Trudeau optimistic NAFTA can be saved, brushes off contradictory U.S. signals

Trudeau optimistic NAFTA can be saved, brushes off contradictory U.S. signals

OTTAWA — Justin Trudeau remains optimistic that Canada, the United States and Mexico can strike a deal to modernize NAFTA that benefits all three countries.

In an interview with The Canadian Press, the prime minister says he believes there’s a good chance negotiations will result in what he calls a “win-win-win.”

Trudeau says his government isn’t worrying about contradictory signals from the U.S., which have periodically left the impression that the North American Free Trade Agreement is doomed.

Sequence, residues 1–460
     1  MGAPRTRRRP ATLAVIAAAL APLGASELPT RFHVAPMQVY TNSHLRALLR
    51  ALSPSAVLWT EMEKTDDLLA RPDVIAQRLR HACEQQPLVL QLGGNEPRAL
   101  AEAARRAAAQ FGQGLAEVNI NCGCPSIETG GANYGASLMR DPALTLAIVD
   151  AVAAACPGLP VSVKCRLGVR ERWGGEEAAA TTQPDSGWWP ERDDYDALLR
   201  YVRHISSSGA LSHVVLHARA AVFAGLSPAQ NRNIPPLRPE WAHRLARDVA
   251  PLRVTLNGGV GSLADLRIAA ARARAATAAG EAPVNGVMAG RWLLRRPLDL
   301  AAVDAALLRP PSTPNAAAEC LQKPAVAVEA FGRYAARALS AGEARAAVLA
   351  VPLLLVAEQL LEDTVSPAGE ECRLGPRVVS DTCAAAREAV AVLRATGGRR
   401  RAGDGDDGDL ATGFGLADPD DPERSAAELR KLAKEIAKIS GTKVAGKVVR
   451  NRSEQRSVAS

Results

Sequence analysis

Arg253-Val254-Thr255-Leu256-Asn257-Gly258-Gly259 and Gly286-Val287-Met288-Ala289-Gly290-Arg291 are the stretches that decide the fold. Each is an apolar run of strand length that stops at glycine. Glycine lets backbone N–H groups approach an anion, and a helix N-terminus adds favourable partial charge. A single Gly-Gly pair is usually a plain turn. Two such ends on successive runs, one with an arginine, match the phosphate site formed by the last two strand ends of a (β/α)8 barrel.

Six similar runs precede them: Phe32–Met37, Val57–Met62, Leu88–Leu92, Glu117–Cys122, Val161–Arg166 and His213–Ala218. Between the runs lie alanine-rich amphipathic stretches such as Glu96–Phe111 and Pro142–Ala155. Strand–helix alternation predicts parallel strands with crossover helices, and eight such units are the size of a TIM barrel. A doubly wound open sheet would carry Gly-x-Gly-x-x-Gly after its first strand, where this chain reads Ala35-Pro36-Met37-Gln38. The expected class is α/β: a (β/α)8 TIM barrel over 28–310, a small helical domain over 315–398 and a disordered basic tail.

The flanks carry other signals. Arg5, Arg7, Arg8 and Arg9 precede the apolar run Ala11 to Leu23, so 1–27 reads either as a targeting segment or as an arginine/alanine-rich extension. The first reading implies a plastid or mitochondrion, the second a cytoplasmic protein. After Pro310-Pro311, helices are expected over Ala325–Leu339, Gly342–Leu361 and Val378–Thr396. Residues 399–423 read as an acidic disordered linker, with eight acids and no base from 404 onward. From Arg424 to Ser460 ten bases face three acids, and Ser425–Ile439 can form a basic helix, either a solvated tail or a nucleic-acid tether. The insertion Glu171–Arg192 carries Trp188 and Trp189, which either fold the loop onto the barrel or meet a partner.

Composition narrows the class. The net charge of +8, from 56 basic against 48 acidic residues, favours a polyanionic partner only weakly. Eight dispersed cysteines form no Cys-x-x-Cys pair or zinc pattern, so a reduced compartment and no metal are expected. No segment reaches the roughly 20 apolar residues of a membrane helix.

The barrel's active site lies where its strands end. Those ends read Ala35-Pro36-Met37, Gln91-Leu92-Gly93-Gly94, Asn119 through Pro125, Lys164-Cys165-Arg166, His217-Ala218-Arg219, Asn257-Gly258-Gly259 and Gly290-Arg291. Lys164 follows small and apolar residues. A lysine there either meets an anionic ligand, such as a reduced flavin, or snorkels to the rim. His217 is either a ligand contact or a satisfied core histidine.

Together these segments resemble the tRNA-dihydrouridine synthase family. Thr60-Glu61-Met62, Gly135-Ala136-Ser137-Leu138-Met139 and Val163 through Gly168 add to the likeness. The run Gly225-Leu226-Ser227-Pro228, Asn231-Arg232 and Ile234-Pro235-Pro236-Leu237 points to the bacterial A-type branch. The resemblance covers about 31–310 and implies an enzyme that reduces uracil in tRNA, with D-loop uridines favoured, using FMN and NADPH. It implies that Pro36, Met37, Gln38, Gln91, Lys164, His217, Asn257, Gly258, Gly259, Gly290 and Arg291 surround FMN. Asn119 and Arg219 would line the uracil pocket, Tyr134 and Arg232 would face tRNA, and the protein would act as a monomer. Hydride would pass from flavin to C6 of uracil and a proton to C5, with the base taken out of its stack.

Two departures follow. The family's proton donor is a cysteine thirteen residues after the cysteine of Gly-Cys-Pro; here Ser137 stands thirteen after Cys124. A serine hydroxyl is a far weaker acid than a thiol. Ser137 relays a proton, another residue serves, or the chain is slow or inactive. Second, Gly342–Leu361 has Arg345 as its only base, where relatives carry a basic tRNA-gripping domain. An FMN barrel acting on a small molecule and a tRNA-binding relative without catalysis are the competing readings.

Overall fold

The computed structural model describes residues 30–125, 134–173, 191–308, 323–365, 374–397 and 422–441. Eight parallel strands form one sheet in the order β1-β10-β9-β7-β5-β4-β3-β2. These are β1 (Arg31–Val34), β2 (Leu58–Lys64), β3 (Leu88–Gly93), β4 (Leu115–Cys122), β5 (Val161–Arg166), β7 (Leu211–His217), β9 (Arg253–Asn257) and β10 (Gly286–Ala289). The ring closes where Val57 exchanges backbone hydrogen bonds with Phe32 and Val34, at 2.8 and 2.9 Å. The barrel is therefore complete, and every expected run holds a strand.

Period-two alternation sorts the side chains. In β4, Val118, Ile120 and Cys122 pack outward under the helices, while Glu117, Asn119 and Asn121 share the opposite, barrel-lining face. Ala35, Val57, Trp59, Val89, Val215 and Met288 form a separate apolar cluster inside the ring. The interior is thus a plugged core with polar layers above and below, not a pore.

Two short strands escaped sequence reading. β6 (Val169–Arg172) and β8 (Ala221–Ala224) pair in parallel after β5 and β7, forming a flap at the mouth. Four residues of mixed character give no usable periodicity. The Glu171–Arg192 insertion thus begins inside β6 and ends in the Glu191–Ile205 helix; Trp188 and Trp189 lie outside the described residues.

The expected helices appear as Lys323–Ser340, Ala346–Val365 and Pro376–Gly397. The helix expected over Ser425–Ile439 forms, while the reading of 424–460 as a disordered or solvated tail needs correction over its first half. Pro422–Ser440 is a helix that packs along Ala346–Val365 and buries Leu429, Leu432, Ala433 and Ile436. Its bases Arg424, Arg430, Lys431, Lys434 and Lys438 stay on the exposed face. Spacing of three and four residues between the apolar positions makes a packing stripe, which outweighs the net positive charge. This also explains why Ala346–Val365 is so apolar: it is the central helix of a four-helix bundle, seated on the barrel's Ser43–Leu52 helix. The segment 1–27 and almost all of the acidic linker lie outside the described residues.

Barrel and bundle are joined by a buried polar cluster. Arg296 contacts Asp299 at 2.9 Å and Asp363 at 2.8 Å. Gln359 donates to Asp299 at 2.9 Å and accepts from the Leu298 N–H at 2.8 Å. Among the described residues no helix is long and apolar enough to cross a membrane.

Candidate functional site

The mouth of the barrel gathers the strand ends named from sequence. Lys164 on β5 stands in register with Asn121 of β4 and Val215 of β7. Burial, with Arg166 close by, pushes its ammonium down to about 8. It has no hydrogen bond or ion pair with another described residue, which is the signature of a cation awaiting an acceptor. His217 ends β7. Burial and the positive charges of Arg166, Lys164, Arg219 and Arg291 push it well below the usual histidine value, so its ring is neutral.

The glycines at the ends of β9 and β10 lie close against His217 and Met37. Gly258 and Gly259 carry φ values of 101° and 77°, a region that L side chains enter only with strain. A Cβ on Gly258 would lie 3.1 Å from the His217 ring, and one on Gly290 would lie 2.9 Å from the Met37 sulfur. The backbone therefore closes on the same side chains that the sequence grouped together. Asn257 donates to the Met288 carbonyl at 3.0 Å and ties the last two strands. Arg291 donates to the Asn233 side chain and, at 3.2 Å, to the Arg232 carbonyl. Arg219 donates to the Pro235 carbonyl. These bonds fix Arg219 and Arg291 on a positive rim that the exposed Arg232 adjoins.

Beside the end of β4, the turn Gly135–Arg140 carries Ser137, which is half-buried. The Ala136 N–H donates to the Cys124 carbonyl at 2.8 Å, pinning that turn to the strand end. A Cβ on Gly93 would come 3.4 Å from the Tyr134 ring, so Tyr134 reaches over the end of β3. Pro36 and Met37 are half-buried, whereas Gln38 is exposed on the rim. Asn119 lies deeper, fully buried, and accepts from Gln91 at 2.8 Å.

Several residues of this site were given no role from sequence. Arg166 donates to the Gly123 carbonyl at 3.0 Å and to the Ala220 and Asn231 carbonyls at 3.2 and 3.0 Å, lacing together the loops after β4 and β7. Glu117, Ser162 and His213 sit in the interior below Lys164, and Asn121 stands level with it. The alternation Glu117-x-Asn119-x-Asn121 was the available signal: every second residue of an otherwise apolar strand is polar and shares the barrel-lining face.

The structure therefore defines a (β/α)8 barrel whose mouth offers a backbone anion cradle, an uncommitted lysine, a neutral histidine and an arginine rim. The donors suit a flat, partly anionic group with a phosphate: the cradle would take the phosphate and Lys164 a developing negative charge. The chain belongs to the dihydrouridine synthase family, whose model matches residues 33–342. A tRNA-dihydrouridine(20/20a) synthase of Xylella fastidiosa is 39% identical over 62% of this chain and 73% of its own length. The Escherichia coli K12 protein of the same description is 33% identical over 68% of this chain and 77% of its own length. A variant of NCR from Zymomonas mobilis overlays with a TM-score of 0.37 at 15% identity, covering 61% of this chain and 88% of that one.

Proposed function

U.S. President Donald Trump has threatened repeatedly to pull out of the continental trade pact.

However, Trump last week calmed markets jittery about the potential demise of NAFTA, telling the Wall Street Journal that he’d “rather keep it” and telling farmers, who are overwhelmingly supportive of the pact, that he’s working hard to improve it.

Foreign Affairs Minister Chrystia Freeland has said Canada will bring some “creative” new proposals to the bargaining table later this month; Trudeau says his government will stand firm in defending Canadian interests and won’t sign on to “any old deal.”

 

 

 

The Canadian Press

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